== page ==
Here it is, boiled down and distilled. These are the basic rules you should
know for taking derivatives.
Rule 1) The Derivative of any constant is always zero. You can know constants because they do not change with any variable. So if C never changes no matter what x (or any other variable) does, for example, then C is a constant and
dCExamples:= C'(x) = 0 dx
Rule 2) Multiplying a function by a constant multiplies
the resulting derivative by that same constant. Remember from rule 1 that
a constant is anything that doesn't change its value no matter what the variables do.
So if f(x) is a function whose derivative is f'(x), and
dg d(Cf) dfExamples:== g'(x) = C= C f'(x) dx dx dx
Rule 3) The derivative of the sum is the sum of the
derivatives.
This is the sum rule. In equations this means that if f(x) and g(x)
are both functions of x and
dh df dgExamples:= h'(x) =+= f'(x) + g'(x) dx dx dx
Rule 4) If you raise x to any
constant
power, you find the derivative by multiplying x raised to one
less than that power
by the power itself.
This is the power rule.
In equations, if you have
dfExamples:= f'(x) = n x^{n-1} dx
1 ^{ } 1And yes, the power rule applies even when the power is not a whole number. The power can be anything as long as it's constant.x^{-1/2} =2 _{ } 2Öx
Rule 5) To find the derivative of the product of
two functions, take the first times the derivative of the second and add it
to the second times the derivative of the first.
This is the
dh dg dfExamples:= h'(x) = f(x)+ g(x)= f(x)g'(x) + g(x)f'(x) dx dx dx
_ f(x) = (x + 3)ÖxThis is the product of
1 _ f'(x) = (x + 3)+ Öx 2Öx
f'(x) = x^{2} e^{x} + 2x e^{x} = (x^{2} + 2x) e^{x}
Rule 6) To find the derivative of a quotient or ratio,
take the denominator times the derivative of the numerator, subtract from it the
numerator times the derivative of the denominator, then divide the whole thing
by the square of the denominator.
This is the
dh g(x)f'(x) - f(x)g'(x)Examples:= h'(x) =dx g^{2}(x)
(x + 1) f(x) =The derivative of both the numerator and denominator are both 1. So(x - 1)
(x - 1) - (x + 1) ^{ } -2 f'(x) == ^{ }(x - 1)^{2} (x - 1)^{2}
x^{2} + 1 g(x) =thenx^{3} + 1
(x^{3} + 1)(2x) - (x^{2} + 1)(3x^{2}) g'(x) =which you can simplify using algebra if you like.(x^{3} + 1)^{2}
dtan(x) cos^{2}(x) + sin^{2}(x) 1==^{ }= sec^{2}(x) dx cos^{2}(x)^{ } cos^{2}(x)
Rule 7) Use the chain rule
to find the derivative of composites.
If f(x) and g(x) are both functions of x, and
dh df dgThis means, apply the derivative of f to g(x) and multiply that by the derivative of g(x).= h'(x) == f'(g(x)) g'(x) dx dg dx
Examples:
______ f(x) = Ö1 - x^{2}then f is a composite of taking the square root and taking
-2x -x f'(x) ==2 Ög(x) Ö1 - x^{2}
_ sin(Öx)is
_ cos(Öx)2Öx
Rule 8) If you multiply the independent variable by
a constant, then the entire derivative gets multiplied by that same constant.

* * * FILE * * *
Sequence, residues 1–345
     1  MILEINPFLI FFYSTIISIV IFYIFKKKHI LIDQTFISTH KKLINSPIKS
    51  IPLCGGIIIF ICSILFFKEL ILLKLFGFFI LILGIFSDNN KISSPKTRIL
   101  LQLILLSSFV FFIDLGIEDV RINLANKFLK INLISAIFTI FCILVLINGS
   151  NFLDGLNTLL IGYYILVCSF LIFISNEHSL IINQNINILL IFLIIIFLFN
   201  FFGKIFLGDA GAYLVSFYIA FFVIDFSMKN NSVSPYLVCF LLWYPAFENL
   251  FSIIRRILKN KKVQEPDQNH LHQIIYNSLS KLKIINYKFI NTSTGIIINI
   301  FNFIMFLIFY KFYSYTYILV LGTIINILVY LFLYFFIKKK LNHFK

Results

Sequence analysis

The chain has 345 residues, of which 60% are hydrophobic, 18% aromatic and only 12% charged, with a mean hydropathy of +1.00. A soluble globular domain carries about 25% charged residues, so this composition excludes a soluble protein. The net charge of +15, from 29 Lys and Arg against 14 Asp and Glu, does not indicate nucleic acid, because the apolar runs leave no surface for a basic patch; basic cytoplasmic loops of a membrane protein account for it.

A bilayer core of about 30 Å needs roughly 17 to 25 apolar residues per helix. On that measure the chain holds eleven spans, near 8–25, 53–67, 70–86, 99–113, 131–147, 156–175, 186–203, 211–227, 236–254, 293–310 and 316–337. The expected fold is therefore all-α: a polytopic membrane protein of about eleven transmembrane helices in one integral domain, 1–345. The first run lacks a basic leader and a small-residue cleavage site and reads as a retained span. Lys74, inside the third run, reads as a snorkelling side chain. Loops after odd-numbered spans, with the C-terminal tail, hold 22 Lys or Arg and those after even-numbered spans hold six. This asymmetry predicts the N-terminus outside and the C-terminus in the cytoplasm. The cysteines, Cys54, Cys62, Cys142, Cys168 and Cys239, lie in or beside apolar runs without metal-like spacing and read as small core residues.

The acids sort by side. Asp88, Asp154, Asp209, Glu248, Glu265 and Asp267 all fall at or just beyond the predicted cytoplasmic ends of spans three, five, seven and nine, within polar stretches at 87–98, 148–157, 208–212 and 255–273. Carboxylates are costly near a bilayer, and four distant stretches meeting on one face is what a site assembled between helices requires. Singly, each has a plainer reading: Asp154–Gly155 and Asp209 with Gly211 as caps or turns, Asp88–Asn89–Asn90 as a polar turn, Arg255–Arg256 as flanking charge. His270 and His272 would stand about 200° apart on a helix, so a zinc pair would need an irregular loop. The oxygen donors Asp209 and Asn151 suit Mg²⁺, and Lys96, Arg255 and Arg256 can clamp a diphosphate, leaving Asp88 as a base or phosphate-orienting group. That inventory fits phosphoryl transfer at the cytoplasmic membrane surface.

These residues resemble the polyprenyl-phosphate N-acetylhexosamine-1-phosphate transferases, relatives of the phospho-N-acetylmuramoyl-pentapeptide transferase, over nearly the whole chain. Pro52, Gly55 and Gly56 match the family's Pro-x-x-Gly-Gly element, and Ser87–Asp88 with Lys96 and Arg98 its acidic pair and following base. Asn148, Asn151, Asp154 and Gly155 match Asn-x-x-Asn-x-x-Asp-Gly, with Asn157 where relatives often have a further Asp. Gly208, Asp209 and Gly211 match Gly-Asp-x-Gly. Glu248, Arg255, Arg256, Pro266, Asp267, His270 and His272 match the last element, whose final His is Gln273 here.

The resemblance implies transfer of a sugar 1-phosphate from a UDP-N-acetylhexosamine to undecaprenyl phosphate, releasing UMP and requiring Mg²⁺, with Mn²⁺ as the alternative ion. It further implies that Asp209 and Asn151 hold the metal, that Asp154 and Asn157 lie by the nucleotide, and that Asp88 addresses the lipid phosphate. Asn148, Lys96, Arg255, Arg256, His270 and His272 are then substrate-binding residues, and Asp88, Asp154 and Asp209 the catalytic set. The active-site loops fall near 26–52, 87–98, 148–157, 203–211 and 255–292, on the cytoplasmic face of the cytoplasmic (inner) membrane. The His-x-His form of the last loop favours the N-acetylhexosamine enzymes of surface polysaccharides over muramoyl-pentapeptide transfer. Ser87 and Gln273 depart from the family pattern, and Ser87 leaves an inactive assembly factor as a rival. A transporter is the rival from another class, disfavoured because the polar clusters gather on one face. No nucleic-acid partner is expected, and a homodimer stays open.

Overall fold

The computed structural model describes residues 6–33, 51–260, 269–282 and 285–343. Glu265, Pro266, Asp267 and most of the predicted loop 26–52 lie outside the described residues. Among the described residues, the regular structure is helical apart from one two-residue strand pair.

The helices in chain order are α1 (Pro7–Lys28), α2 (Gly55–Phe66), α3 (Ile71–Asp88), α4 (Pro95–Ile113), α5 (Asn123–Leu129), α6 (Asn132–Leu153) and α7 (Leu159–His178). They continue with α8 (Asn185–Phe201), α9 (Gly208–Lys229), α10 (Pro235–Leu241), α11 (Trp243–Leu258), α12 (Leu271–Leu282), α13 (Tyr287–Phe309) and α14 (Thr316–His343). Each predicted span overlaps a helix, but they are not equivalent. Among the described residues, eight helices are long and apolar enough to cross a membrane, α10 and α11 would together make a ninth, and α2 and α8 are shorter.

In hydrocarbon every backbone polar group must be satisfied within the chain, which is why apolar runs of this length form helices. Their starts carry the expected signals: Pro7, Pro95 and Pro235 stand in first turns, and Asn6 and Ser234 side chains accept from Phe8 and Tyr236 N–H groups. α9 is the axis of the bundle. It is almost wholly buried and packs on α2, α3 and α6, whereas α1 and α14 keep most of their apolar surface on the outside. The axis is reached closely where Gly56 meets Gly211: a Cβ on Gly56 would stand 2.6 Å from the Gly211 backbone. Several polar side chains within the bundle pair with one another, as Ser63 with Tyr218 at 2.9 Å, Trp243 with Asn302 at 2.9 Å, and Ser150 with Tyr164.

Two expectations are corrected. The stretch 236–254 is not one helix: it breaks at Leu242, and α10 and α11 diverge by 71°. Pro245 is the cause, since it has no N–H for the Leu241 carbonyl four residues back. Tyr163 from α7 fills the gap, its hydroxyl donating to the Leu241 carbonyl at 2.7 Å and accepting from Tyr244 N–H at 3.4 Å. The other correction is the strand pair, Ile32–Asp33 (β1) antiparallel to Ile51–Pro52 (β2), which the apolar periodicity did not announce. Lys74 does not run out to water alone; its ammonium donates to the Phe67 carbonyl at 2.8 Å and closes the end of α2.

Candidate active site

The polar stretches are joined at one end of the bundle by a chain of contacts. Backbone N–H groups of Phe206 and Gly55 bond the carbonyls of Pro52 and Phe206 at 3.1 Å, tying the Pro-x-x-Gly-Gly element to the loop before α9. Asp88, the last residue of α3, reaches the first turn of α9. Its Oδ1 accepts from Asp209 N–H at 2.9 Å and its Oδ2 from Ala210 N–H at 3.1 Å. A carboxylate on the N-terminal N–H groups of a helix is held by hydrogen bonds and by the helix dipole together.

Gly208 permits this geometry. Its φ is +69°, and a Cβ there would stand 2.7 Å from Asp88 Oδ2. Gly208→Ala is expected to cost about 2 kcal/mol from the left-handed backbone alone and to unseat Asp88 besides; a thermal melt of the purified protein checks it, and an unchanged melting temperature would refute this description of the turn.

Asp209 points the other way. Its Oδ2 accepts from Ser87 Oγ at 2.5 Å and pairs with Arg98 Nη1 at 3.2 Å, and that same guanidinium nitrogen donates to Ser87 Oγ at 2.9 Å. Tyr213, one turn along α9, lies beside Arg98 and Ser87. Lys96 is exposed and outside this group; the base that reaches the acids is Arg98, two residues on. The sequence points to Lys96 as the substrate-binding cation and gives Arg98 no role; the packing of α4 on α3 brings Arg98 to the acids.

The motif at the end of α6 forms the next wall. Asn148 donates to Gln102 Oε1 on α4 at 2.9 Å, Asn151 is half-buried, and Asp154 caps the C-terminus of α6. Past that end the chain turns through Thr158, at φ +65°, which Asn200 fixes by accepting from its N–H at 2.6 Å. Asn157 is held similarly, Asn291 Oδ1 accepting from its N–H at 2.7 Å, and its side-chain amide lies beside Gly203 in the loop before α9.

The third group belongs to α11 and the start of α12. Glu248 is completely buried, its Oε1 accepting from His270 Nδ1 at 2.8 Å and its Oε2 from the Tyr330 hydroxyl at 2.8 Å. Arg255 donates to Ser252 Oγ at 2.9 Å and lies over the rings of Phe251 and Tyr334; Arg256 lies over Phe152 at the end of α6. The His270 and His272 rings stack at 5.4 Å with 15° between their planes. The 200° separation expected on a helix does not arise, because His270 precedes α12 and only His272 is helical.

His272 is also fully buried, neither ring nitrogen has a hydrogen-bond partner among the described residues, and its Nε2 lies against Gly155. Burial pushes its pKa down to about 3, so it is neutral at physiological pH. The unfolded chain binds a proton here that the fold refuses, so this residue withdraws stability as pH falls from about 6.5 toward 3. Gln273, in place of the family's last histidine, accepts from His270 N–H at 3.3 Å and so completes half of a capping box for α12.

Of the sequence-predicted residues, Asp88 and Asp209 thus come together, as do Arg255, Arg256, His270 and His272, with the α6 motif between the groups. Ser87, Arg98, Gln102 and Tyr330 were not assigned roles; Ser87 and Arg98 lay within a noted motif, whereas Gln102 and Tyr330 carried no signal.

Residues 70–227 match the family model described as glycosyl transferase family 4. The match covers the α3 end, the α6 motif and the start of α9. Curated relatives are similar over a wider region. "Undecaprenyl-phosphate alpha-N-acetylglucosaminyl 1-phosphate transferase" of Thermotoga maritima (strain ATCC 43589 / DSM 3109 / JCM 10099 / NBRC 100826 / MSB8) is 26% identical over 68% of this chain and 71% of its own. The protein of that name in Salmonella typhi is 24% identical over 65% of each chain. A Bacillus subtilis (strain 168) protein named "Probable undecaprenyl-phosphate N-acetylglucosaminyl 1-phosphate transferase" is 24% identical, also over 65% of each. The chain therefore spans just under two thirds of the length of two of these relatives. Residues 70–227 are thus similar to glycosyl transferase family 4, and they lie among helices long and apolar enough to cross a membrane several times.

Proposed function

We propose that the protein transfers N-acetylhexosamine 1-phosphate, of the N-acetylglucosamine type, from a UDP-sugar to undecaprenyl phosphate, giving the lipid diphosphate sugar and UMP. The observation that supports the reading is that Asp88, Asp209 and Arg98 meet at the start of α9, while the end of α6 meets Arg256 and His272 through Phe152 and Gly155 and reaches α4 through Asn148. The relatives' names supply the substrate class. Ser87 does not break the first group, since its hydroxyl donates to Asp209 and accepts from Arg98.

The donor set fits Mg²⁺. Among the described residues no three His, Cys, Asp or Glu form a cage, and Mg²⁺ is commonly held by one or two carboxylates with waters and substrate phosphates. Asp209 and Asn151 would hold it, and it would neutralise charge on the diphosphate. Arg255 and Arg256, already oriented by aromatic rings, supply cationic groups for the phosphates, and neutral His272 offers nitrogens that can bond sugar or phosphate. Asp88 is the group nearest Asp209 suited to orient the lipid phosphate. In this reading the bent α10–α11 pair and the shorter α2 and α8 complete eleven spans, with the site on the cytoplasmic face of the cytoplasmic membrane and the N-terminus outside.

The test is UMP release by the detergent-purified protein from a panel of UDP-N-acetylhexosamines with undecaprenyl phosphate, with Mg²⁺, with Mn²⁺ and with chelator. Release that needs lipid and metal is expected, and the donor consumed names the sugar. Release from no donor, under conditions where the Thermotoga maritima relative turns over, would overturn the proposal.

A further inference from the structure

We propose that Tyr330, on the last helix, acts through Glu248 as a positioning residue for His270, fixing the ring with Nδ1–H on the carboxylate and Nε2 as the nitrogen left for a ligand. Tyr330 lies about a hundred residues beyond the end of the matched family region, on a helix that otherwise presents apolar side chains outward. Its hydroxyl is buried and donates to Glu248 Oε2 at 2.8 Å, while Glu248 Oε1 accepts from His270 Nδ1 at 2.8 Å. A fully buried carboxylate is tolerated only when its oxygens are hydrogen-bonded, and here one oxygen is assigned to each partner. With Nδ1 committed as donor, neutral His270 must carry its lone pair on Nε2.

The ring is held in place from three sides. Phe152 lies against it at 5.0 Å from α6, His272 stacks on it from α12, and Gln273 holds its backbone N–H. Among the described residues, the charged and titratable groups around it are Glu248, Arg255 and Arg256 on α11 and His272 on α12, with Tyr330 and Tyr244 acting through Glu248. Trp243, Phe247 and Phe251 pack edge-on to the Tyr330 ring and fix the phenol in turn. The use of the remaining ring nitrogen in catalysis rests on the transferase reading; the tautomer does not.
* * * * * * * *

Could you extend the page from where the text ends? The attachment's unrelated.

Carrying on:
This is an immediate consequence of the chain rule, but it is useful
to know because it gives you a short cut. In equations, if f(x) is a
function of x and
g'(x) = k f'(kx)
______ Ö1 - x^{2}is. Applying this rule to that derivative you find that the derivative of
__________ Ö1 - (2x)^{2})is
-x 2Ö1 - (2x)^{2}
Rule 9) If you add a constant to the independent
variable, just treat the sum of the two as if it were the independent
variable itself.
So if
g'(x) = f'(x + a)Examples:
f'(x) = e^{x+3}
f'(x) = 3(x + n)^{2}
Derivatives of some elementary functions: |
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function derivative |
How and when to do implicit differentiation. The chain rule applies to composites even when the function inside the composite is unknown. So, for example, if you only knew that y(x) is a function of x, and you needed to write an expression for the derivative of
f(x) = y^{2} - 3y + sin(y)then simply take each term and find its derivative with respect to y, then multiply that by a symbol that indicates the derivative of y. To that end, the symbol, y' does very nicely.
f'(x) = 2y y' - 3y' + cos(y) y'You could factor out a y' and get
g(x) = xy^{2} + y cos(x)Observe that to do this one you will have to apply the
g'(x) = [2xyy' + y^{2}] + [-y sin(x) + y' cos(x) ]Observe that the derivative of each of the products is shown in square brackets so that you can more easily see the organization. But
g'(x) = 2xyy' + y^{2} - y sin(x) + y' cos(x)would be just as correct. Notice that when you take derivatives of terms that are purely functions of the independent variable, x, you don't need to multiply by x' because
The equation of x's and y's need not have an f(x) all alone on one side of the equal in order for you to use implicit differentiation. You can have complex expressions of x and y on both sides. Example:
_______ Öx^{2} + y^{2} = xy + y^{3}To apply implicit differentiation to this equation, simply bring the appropriate rules for taking derivatives to bear onto each term as you encounter it. Remember to multiply by y' wherever it is appropriate. In this case, you apply the chain rule to the sqrt, the product rule to xy and the power rule to y^{3}:
1 2x + 2yy'= y + xy' + 3y^{2}y' 2 Öx^{2} + y^{2}
Going implicit with second derivatives: If you have the equation,
x^{3} = yy'and you wanted to apply implicit differentiation to it, you would use the power rule on the x^{3} and the product rule on the yy':
3x^{2} = yy" + (y')^{2}Observe that as part of applying the product rule to yy' you had to take the derivative of y'. And the derivative of y' is its second deriative, y".
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